Research Showing a Plant-Based Diet

Supports Digestive Health

Assortment of vegetables and fruits

Click orange links to open studies

“Consumption of non-vegetarian foods was an independent predictor of gastroesophageal reflux disease.”

Indian Journal of gastroenterology, 2011

“A non-vegetarian diet is associated with reflux esophagitis.”

Digestive Diseases and Sciences, 2013

“Dietary antioxidants, fruits, and vegetables are inversely associated with the risk of Barrett’s esophagus, while no association was observed for supplement intake. Our results suggest that fruits and vegetables themselves or associated undetected confounders may influence early events in the carcinogenesis of esophageal adenocarcinoma.”

American Journal of Gastroenterology, 2008

“A systematic review concluded that diets with high levels of total fats, polyunsaturated fatty acids, omega-6 fatty acids, and meat were associated with an increased risk of Crohn’s disease and ulcerative colitis; high fiber and high fruit intake were associated with a decreased risk of Crohn’s disease, whereas high vegetable intake was associated with a decreased for ulcerative colitis. In a prospective study, Jowett et al. found that patients who reported consuming higher amounts of meat, eggs, protein, and alcohol were more likely to experience a relapse of ulcerative colitis.”

Gastroenterology, 2014

“Nine studies were included in this meta-analysis. Relative to those who did not or seldom eat meat, meat consumers had a significantly greater risk of inflammatory bowel disease.”

Turkish Journal of Gastroenterology, 2015

“Soluble fiber is effective in treating IBS.”

American Journal of Gastroenterology, 2014

“Soluble fiber improved assessment of IBS symptoms, as well as the abdominal pain score, with insoluble fiber not showing improvement in any outcome.”

European Journal of Gastroenterology & Hepatology, 2015

“Reduced levels of inflammation may be the key feature linking the vegan gut microbiota with protective health benefits.”

Nutrients, 2014

“The present study is the first one showing an association between decreased circulating levels of pro-inflammatory cytokines and improvements in important IBS symptoms such as reduced abdominal pain, bloating, tiredness and interference with the quality of life. Moreover, the present study shows that a replacement diet with a wheat grain product having functional properties (ancient grains) is potentially effective in improving IBS symptoms.”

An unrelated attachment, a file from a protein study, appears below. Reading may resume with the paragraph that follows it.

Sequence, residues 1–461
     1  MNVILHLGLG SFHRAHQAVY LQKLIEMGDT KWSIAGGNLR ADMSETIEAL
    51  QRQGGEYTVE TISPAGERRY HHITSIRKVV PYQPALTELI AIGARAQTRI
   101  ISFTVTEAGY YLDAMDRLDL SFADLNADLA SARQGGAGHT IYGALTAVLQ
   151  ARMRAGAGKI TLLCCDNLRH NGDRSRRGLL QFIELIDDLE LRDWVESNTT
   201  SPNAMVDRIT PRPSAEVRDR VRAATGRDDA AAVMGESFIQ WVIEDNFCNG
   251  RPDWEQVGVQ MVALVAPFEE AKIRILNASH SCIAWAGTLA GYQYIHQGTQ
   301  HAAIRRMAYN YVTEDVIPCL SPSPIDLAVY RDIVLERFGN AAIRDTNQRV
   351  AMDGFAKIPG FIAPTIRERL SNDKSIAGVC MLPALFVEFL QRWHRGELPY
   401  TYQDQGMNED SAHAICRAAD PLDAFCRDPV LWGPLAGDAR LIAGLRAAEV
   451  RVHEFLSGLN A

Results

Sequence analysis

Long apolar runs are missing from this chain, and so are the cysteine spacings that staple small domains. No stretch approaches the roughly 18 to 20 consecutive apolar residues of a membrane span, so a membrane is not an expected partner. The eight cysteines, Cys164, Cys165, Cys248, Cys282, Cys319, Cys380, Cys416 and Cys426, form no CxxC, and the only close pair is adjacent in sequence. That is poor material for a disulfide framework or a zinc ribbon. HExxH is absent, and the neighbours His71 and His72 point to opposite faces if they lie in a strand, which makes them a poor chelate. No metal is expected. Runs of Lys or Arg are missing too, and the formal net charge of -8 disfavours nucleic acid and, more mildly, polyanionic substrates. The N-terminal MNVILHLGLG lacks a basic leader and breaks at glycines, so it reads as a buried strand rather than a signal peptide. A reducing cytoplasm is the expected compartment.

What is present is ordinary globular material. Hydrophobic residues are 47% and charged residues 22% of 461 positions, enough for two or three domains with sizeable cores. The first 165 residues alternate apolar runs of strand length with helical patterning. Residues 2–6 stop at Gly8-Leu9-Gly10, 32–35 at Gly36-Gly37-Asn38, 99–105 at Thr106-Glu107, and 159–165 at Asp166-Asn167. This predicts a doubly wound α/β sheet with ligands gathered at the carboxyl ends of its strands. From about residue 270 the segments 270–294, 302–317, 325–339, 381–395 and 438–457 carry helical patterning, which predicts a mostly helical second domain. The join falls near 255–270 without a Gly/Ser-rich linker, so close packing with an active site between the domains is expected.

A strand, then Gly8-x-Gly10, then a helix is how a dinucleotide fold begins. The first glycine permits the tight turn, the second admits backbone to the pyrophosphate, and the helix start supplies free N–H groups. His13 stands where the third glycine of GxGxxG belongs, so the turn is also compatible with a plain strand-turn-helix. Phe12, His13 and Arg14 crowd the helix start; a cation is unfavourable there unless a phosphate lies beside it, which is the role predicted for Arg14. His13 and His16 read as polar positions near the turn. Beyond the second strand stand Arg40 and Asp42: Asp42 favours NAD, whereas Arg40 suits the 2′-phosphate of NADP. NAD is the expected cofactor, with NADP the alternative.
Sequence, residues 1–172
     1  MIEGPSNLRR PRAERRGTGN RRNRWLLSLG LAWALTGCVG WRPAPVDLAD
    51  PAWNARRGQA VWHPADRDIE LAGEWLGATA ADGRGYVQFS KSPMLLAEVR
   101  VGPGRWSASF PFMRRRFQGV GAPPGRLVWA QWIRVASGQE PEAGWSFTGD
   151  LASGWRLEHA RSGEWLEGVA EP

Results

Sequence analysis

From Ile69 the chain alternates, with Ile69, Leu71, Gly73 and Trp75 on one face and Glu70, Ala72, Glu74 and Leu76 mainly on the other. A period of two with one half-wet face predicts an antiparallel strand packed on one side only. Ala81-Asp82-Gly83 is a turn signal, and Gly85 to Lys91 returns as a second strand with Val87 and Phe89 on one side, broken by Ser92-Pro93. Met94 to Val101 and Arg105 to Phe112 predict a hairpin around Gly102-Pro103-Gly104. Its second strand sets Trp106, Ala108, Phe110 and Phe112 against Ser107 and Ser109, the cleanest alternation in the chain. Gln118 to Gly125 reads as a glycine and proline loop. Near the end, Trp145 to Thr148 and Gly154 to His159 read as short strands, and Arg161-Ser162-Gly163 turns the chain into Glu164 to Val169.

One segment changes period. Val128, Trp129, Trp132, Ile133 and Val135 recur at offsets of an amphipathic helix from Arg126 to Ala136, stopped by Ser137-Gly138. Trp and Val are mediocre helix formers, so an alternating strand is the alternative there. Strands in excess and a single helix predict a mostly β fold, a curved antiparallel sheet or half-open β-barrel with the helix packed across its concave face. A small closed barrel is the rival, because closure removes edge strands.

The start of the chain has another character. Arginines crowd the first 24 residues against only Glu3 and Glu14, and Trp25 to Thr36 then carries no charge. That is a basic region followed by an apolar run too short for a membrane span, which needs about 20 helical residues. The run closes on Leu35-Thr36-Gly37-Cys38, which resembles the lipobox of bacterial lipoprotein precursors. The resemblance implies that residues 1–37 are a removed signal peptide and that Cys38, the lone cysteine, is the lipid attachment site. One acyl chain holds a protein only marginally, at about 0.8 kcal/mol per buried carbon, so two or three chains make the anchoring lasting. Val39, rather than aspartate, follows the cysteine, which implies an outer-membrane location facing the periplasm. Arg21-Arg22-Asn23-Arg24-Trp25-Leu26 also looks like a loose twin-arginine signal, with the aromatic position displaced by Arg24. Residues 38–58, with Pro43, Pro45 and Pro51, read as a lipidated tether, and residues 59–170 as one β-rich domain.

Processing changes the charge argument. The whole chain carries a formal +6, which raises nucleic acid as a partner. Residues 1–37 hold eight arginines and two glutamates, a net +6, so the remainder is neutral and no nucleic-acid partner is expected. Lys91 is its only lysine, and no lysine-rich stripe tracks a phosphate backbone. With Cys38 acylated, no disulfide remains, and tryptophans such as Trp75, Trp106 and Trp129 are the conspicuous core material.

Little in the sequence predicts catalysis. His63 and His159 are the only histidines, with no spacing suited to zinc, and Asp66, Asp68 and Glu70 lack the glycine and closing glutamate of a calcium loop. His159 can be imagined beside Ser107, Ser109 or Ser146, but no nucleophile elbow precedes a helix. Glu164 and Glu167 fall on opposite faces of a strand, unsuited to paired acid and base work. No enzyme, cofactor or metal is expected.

British journal of nutrition, 2014

 “Both a vegetarian diet and a higher intake of fibre were significantly associated with a lower risk of diverticular disease.”

British Medical Journal, 2011

“Modern studies have confirmed and expanded the role of diet and other modifiable lifestyle factors in the natural history of diverticulitis. Lifestyle factors associated with increased risk include Western dietary patterns (high in red meat, fat, and refined grains) and red meat consumption alone.”

Gastroenterology, 2019

“Dietary fiber intake and prudent diets (high in fruits, vegetables, and whole grains) reduce the risk of diverticulitis. Nuts and seeds do not appear to increase the risk, and in a large, prospective cohort nuts and popcorn were associated with reduced risk of diverticulitis.”

Gastroenterology, 2019

“Food components have a key impact on the gut microbiota, influencing its composition in terms of richness and diversity. On the one hand, high intake of animal proteins, saturated fat, sugar, and salt could stimulate the growth of pathogenic bacteria to the detriment of beneficial bacteria, leading to potential alterations of the intestinal barrier. On the other hand, the consumption of complex polysaccharides and plant protein could be associated with an increase of beneficial bacteria quantity, stimulating small chain fatty acids production. Moreover, omega-3, polyphenols, and micronutrients appear to have the potential to confer health benefits via modulation of the gut microbiota.”

Nutrients, 2019

“The Westernization of the diet, including additives, may reduce gut microbial diversity in terms of phyla and genus leading to dysbiosis, alteration of barrier function and permeability, and abnormal activation of immune cells, leading to high incidences of chronic diseases.”

Nutrients, 2019